‘Goodness gracious,’ says Lesley.

‘So Iraj suddenly started sending all his passengers to another city cause he had a fight with his partner. Iraj gathered all his passengers in our villa, about twenty guys and just me. For two days, Iraj didn’t come. We were all waiting for two days with our bags. We just eat and wait. ‘And Iraj came in the morning and said, “Maryam and Benham, you come with me.”

He took us to his place He also took two guys who were eighteen years old. They were passengers, but they were also his friends. So there were six guys there and me. And I could talk to his wife. She was nice.

‘That night, the partner came with sword. He knocked on the door. I opened the door because I was downstairs. They were all upstairs. I saw no one so I closed the door. Iraj thought maybe there was something wrong. He opened the door and the sword just came in and he was like this’– she moves her shoulder to avoid an imaginary blade slicing vertically through the air –‘and all the other guys came down. The partner was with two other guys with swords. Iraj went to the kitchen to get swords. He gave one of the swords to Benham, another one to another guy.

‘His wife started to scream and phoned her father. I said to Benham, “You don’t go anywhere.” Benham said, “OK. I’m here.” He stayed with us, with me and the other girl. There was a fight. Iraj had scars here, cuts there. I heard that they put the sword in the partner’s chest. So they ran away.

‘Iraj came in and said, “Everyone pack your things. We’re going.”

He started taking group by group to the airport. And we were at the airport but we didn’t know why we were at the airport.’

‘Inside the airport?’ I ask.

‘Not inside. Outside.’

‘Like the carpark?’

‘Yeah, carpark. It was about 1 a.m. that we reached there. Iraj just went off and brought another group, then another group to the airport. Around this time, I called my mum and said, “I’m going by plane to Australia. I can’t talk to you for several days because I have to turn my mobile off.” I said this even though I was going by boat because I didn’t want her to worry.

‘At 7 a.m. Iraj started to pay the police to let us go into the airport and he started to buy tickets to send us to another city in Indonesia. We went into the airport and it had been about forty-eight hours that no one slept. I just slept on the floor. When I woke, I thought, “I’m just like a homeless person.” Group by group he started to send us to a different city. Our flight was the last flight. We boarded at 11 p.m. We went to Makassar.’

Lesley fetches a map. But the map didn’t show Makassar. Later, on Google Maps, I locate this city on the island of Sulawesi.

Image of Makassar by Axel Drainville on Flickr.

‘It was about 2 a.m. that we arrived there. Another van came to pick us up. And we went to a hostel. They told us to be quiet and just go to the room. We slept at 3 a.m. And I think it was about 10 a.m. that someone just knocked one the door and said, “Police coming! Police coming! Just run.” I woke up and put in whatever I could put in my bag. That’s where I left my phone and Benham’s glasses. We got on another van. It was about three hours we were in that van.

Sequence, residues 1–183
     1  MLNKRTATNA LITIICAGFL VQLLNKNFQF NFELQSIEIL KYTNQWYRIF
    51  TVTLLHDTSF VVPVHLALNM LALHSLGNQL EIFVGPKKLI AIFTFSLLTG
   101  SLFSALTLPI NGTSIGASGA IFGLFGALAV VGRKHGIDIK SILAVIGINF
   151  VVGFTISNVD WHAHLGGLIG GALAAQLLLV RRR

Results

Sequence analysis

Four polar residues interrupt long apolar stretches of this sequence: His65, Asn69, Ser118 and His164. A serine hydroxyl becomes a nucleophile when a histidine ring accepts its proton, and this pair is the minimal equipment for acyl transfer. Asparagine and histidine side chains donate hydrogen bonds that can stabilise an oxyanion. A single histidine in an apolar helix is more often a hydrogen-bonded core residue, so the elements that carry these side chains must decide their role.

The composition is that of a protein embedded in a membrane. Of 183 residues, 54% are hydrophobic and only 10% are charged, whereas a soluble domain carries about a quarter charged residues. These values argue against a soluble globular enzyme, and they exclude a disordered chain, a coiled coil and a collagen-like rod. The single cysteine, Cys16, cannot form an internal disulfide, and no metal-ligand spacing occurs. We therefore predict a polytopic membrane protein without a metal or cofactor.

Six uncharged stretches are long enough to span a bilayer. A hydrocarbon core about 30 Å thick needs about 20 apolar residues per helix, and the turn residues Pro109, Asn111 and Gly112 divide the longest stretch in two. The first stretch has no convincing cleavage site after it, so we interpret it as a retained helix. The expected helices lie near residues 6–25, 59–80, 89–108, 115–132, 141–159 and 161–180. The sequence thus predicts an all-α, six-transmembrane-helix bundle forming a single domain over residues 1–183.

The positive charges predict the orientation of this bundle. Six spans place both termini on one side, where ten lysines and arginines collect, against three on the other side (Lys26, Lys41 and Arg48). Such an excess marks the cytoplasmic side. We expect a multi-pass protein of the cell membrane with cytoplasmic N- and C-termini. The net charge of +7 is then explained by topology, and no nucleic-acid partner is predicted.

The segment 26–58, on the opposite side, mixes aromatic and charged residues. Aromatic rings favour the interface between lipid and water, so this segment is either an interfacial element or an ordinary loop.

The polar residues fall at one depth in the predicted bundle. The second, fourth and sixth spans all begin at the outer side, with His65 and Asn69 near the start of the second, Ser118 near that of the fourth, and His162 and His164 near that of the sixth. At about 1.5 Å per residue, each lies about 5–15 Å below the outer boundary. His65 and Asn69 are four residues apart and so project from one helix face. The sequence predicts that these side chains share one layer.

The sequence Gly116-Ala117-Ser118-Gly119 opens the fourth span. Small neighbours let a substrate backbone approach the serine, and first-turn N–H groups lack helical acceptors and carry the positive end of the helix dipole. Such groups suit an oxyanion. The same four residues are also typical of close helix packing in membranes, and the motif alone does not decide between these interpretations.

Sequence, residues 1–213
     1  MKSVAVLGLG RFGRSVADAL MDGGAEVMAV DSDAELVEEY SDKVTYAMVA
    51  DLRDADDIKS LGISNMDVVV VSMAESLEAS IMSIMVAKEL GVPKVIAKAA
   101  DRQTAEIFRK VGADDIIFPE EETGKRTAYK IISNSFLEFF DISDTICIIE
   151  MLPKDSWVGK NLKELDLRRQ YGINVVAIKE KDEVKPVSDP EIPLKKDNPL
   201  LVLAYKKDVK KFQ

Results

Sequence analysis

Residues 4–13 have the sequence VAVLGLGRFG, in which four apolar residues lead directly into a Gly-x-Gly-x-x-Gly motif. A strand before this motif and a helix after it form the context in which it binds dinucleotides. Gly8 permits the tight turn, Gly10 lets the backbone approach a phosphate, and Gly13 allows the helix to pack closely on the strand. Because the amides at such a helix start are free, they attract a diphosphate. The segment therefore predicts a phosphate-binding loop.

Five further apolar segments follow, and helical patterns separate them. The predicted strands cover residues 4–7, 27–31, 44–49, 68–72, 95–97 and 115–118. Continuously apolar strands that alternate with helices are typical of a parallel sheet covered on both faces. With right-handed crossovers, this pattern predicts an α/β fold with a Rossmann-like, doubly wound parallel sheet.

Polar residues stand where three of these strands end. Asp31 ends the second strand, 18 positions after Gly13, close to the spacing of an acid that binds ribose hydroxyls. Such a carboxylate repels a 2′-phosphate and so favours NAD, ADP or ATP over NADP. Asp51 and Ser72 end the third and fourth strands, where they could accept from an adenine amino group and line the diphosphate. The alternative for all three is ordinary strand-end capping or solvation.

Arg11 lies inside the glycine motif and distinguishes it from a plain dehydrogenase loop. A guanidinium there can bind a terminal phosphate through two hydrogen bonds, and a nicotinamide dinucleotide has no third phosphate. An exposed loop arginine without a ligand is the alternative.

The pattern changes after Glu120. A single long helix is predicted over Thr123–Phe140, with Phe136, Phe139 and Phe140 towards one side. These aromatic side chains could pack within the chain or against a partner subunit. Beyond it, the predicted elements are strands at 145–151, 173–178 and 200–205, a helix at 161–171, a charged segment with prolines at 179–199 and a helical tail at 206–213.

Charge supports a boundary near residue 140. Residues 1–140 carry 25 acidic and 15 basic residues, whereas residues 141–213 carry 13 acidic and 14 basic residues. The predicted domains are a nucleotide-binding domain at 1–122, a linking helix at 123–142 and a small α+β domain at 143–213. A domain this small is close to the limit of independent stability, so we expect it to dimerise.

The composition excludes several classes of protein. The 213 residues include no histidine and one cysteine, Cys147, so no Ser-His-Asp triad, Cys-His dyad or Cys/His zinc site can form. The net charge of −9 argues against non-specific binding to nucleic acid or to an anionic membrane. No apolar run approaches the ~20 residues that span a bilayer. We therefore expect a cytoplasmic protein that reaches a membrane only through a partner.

‘We went to another beach house. Everyone was there, all the passengers. About 8 p.m., Iraj came. I think 10 p.m., he started taking us to the shore so we went into the water with our bags on our heads. Then we got to a small boat. We got on. It was about fifteen minutes in the sea and then we get on to the big boat, the main one. We were not the last group but when we got there, there was no space to even sit. There was a guy, he went away and said, “OK. You sit here.’

‘He was kind to you,’ I say.

‘Yeah. He was,’ says Maryam.

‘A passenger?’ I ask.

‘Yeah, a passenger. So I sat there and Benham just stood and suddenly I thought maybe something just crossed my legs and my hands and I said, “What is that?”’– she jumps in her seat, her voice is extremely anxious –‘Everyone said, “Shhh! Quiet, nothing.” And again, I sat there and said, “Arghh! There’s something here. Benham, there’s something here.” And suddenly, someone put on his torchlight because we weren’t on the deck, we were under the deck, and he just put his light on and I saw big groups of cockroaches and they were just like moving into each other and I was just about to faint. Benham hugged me and closed my eyes. I stood up and said, “OK. Benham, that’s it. I’m not going on this boat anywhere. Let’s go.” And Benham said, “Where do you want to go? We are in the middle of the sea.”

‘The boat was still there. It hadn’t moved yet cause another group was coming. So I said, “OK. The last group that’s coming, we go to that small boat and with that small boat we go back to shore.” Everyone started to laugh at me, “Oh, come on. You’re going to Australia. It’s just a cockroach.” And I said, “No, I cannot. I cannot even imagine somewhere with that many cockroaches” and I was crying and the last boat came, the last group. A pregnant lady came onto the boat and the boat just left, I couldn’t even say, “I want to get on”, just left.’

To be continued next Friday 27 December 2019 in Refuge #43 Fifty People in Stowage. This is part of the serial online release of Refuge, a collection of true stories of refugee resettlement in Australia. Subscribe for free to receive links to new instalments in your inbox.